documentary

South Korean ferry disaster to be turned into low-budget documentary next year

After a tragedy like the April 16 sinking of the South Korean ferry Sewol, many are left wondering how to appropriately commemorate the lives lost without forgetting the awful truth of the actual incident. Last week a South Korean newspaper revealed that a two-hour documentary about the accident is being planned to be released next year to coincide with the one-year anniversary. The film’s backers are relying solely on donations and are seeking just 400 million won (US$392,000) to finance the low-budget project. And with the entire country paying extremely close attention to every tragic detail to come out of the investigations surrounding the accident, this film is destined to be an instant hit in Korean movie theaters.

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One filmmaker’s mission to show the world the real Fukushima, and how you can help

“Forget the reactor. Forget all the bull$#!^ Facebook posts about how radiation is melting the starfish and mutating our sushi. Forget about what it means to be a disaster, and discover what it means to be Fukushima.”

Filmmaker Cameron Anderson is on a mission to show the world the real Fukushima. Having spend months exploring the region, he – an outsider arriving long after Fukushima became known the world over as the centre of a tragic nuclear accident – has come to learn what Japan’s third-largest prefecture is really all about. Cameron has also seen how the news, careless comments shared via social networks, and a general fear of the unknown have caused people around the globe to label this land as a giant, black spot on the map of Japan, with stories popping up online every few weeks about tides of non-existent radioactive seawater and the prefecture’s potentially hazardous exports.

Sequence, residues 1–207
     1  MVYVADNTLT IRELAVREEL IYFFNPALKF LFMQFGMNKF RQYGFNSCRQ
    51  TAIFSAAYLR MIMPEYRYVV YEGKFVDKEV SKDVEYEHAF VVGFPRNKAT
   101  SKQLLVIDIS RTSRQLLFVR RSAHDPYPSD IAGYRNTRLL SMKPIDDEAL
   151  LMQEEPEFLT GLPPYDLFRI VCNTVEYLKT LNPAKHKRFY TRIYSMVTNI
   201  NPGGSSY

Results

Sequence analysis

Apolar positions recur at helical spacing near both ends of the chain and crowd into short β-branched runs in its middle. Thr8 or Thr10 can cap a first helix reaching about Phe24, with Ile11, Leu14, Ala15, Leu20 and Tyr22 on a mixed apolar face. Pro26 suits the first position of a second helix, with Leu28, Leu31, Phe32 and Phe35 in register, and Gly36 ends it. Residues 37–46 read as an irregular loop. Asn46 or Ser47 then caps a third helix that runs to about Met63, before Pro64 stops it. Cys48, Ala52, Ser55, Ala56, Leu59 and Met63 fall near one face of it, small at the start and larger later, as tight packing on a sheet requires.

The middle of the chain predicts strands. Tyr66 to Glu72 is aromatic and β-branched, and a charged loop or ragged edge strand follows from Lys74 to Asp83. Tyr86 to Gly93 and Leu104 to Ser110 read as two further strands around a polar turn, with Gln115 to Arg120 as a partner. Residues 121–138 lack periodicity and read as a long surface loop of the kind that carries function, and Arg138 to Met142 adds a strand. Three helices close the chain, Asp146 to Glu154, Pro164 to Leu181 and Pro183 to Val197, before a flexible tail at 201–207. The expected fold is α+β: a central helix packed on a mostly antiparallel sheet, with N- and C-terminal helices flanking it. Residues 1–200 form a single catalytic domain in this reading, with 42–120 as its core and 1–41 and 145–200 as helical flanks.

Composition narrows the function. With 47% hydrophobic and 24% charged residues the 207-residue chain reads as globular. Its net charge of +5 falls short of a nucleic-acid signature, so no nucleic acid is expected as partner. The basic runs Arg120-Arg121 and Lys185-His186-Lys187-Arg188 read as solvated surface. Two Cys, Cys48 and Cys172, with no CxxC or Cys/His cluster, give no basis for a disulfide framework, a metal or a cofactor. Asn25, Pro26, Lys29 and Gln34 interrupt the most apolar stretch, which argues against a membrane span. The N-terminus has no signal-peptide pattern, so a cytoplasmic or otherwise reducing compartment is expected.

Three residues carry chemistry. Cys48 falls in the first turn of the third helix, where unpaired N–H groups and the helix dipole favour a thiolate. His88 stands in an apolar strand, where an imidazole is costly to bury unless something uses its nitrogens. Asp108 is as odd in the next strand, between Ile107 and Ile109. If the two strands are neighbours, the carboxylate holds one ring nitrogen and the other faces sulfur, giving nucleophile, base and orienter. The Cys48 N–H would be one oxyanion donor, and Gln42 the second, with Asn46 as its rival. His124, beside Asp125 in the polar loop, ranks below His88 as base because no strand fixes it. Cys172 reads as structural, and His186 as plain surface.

Hoping to obtain a special filmmaking grant, it is Cameron’s plan to put together a 10-minute documentary that explores this vast, rich part of Japan and introduce some of its genuinely remarkable residents–both Japanese and foreign. But he needs your help.

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Alone in the Red Zone: Fukushima Town’s Sole Resident Speaks Out in Harrowing Documentary

After the great earthquake and tsunami that came with the calamities of March 11 2011, many residents to the Kanto region of Japan experienced turmoil on an unprecedented scale. If natural disaster wasn’t enough, there was also the explosion at the Fukushima nuclear plant, spreading radioactive contamination even as far as Tokyo. Now after two years, Fukushima’s 20-kilometer radioactive exclusion zone still remains in place.

While most families fled the contaminated areas in the early stages following the explosion, one brave man remained undeterred by it all, staying put in his hometown. Naoto Matsura (53) is believed to be the sole inhabitant within the 20-kilometer red zone.

Matsumura’s determination to remain rooted in the same place and see through the nuclear catastrophe has caught the attention of many, with his accounts even being adapted into a documentary. The documentary tells of the events after the great earthquake and Mutsumura’s reasons for remaining at his home despite all those around him fleeing, never to return. Perhaps even more interestingly, it gives some rather candid accounts of this man’s feelings towards Tokyo Electric Power Company (TEPCO), the company that operated the stricken Fukushima Daiichi Nuclear Power Plant.

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